CHENNAI: For common folk, leading a normal life in Manipur is a struggle. Even now. Roads have improved, so has the drainage. But sourcing essentials — cooking gas, drinking water — is a problem. It’s essentially a struggle for better means of livelihood.
If you come from a background as Mirabai Chanu’s — the silver-medallist at the Tokyo Games — life is never easy. That her lifting lessons started with bundles of firewoods she used to fetch as a child from a forest near her village in Kakching is a testimony to the hardships the family had to endure to make a living. Her mother Tombi Devi still recalls the days when her daughter used to volunteer for carrying the heaviest of bundles as a child. Introduction to iron and barbells seemed a natural progress.
When Mirabai won India’s first medal on Saturday, her parents and the extended family were glued to TV. Memories flashed by as struggles got buried in the euphoria of celebration. Her decision to pursue weightlifting instead of archery was justified.
Manipur is a speck in the map of India. Economically, it is yet to make much progress. The state has a population of 27 lakh, a fraction of New Delhi. Yet, on the sporting front, Manipur’s achievements surpass the best and the mighty. Over decades, its sport stars have flown the country’s flag high. Not just the state, but the entire Northeast region. For them, a medal means much more. It is another cry for cementing their identity and getting recognition in the national diaspora.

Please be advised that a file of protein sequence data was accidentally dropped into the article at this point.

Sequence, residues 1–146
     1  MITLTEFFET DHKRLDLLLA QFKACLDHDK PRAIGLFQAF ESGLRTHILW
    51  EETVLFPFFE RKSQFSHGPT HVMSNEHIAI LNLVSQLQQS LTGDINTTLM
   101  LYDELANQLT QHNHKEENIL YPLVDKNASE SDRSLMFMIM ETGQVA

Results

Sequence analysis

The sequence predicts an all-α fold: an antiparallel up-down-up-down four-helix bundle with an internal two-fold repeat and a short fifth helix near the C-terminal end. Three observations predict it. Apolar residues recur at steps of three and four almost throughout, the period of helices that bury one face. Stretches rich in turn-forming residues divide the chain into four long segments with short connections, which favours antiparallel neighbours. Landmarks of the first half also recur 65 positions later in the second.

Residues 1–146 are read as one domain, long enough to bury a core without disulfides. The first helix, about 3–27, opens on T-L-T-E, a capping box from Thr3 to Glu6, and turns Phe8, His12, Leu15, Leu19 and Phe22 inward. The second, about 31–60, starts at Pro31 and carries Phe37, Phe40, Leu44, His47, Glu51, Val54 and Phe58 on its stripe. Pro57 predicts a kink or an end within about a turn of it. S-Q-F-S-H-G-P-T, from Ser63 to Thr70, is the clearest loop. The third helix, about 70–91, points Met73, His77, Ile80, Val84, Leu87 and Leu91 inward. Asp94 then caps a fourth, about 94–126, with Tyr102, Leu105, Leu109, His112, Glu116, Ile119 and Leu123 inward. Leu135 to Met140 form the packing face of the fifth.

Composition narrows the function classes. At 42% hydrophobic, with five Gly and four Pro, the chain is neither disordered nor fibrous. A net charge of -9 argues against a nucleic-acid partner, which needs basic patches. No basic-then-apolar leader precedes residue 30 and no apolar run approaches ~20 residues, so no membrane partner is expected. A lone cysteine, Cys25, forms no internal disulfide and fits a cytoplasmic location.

The state fought insurgency, drugs and AIDS. Sports embalmed the fissured psyche of the people. Even in the culturally different and ethnically diverse region, sport always draws everyone close. It did when Mary Kom won the bronze medal at London in 2012. Now, Mirabai’s medal has the potential to take the region to greater heights.
At the peak of insurgency and strife, sports gave succour to the region when the late Dingko Singh won boxing gold at the 1998 Bangkok Asian Games. Numerous sportspersons emerged from the state. Their initial ambition is a job. However, Dingko’s gold changed everything. Weightlifter Kunjarani Devi, Mary Kom and many others kindled hope. Mirabai is a product of that hope.
Kunajarani, who coached Mirabai at one point, is succinct. “What else do we have? We don’t have too many avenues of employment. We don’t have big industries. So sports is something that help us find jobs.” The power of sports is unique. Mirabai’s medal in times of Covid has brought the country together. As for Manipur, it is getting used to such extraordinary stories. Mirabai is the latest in a long line of great sportspersons to have emerged from Manipur and stories like hers will inspire.